Monday, October 8, 2007

Shakespeare Was a Working Writer

"He should have stuck to short stories. If his novels are read at all in the future, people will wonder what we saw in them."

"A middling playwright...often crude and crass...two of [Beaumont and Fletcher's plays] being acted through the year for one of his."

"...imitative, annoying, and tiresome."

What do the three authors that recieved this criticism have in common? Three things:

1. Their work was written for the common reader, rather than to academics, scholars, and literary critics of their time.
2. They enjoyed enormous popular success and mixed literary success during their time.
3. They are now considered three of our greatest authors.

They are (in order): Dickens, Shakespeare, and Mark Twain.

I remember I was at a writing conference this summer, and one of the speakers was L.A. Banks. This woman is a serious working writer. She writes vampire fiction and romance novels, and churns 'em out at a jaw-dropping one book every six weeks or so (if I remember correctly). I remember listening to her talk and thinking, gosh, I would LOVE to have her career.

But I also want what every other writer wants: validation. I want to be considered a literary genius, my work passed down through the ages, plastered with lofty awards. Yeah, I have delusions of grandeur. But I'm going to go out on a limb here and say that we all do, to an extent. And even though L.A. Banks is a working writer with a healthy career, nobody is comparing her to Toni Morrison or Jamaica Kincaid.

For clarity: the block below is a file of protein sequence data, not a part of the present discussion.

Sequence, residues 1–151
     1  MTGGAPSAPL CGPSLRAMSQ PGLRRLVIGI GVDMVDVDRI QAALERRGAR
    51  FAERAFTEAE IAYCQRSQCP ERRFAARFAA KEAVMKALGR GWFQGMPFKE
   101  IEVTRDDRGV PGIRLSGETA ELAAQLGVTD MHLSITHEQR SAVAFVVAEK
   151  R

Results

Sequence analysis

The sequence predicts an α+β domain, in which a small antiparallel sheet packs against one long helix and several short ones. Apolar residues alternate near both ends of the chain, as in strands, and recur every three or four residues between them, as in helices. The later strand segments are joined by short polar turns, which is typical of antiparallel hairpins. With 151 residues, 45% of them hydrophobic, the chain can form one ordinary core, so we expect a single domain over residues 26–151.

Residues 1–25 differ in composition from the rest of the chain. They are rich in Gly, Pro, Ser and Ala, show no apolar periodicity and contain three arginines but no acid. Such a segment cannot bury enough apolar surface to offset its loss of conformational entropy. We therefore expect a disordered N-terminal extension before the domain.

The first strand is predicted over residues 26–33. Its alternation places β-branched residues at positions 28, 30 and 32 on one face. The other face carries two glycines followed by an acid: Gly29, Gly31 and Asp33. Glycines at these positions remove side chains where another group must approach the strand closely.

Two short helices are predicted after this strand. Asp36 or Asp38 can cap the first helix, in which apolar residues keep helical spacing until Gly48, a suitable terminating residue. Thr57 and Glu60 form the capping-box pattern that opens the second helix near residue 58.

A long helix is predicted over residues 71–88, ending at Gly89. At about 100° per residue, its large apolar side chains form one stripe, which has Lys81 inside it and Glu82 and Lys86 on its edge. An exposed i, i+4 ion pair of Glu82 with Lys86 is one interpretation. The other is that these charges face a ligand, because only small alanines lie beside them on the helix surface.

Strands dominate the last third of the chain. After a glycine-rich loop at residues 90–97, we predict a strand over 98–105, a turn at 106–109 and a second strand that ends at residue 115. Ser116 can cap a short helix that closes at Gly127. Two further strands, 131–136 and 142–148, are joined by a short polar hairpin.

There is definitely a perception that you can have literary merit or popular success, but not both: that a really excellent piece of writing is so rarified that it's only a chosen few who can truly appreciate it. But when I look at writers like Dickens, I think that he's not really the Faulkner or Fitzgerald of his day; he's more like the Danielle Steele. He wrote popular fiction. And when I look around at the writing out there, I start to think that maybe it's not the recognized authors of our time who will stand the test of centuries. Maybe it's the Stephen Kings and the Danielle Steeles and the Harlequin authors that readers of the future will venerate.

L.A. Banks gave a great talk, but that's not what I remember. I remember standing near her while she was speaking to another writer. They were having a conversation about writing popular genre fiction versus literary fiction. And Banks said something about how there's no shame in being a working writer; after all, Shakespeare was a working writer.

I guess what I realized then was that you don't have to give up a paying career as a writer to be recognized. You don't have to write literary fiction that doesn't sell and work as a creative writing professor. Your genre of choice may be snubbed by the critics of today, but it could be the biggest thing to hit 2100. After all, it's not the most "literary" works that stand the test of time. It's the work that reaches and inspires the common people.

No comments: